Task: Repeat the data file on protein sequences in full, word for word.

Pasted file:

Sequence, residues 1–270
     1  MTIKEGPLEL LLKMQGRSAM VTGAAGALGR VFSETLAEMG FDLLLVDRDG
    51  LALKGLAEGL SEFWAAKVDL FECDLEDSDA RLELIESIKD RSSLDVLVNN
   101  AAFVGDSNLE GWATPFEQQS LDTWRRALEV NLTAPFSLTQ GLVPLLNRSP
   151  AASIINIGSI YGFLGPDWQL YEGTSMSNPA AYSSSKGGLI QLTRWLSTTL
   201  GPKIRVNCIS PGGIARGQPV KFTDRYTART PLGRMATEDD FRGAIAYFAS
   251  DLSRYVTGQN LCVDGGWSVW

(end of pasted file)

Sequence, residues 1–270
     1  MTIKEGPLEL LLKMQGRSAM VTGAAGALGR VFSETLAEMG FDLLLVDRDG
    51  LALKGLAEGL SEFWAAKVDL FECDLEDSDA RLELIESIKD RSSLDVLVNN
   101  AAFVGDSNLE GWATPFEQQS LDTWRRALEV NLTAPFSLTQ GLVPLLNRSP
   151  AASIINIGSI YGFLGPDWQL YEGTSMSNPA AYSSSKGGLI QLTRWLSTTL
   201  GPKIRVNCIS PGGIARGQPV KFTDRYTART PLGRMATEDD FRGAIAYFAS
   251  DLSRYVTGQN LCVDGGWSVW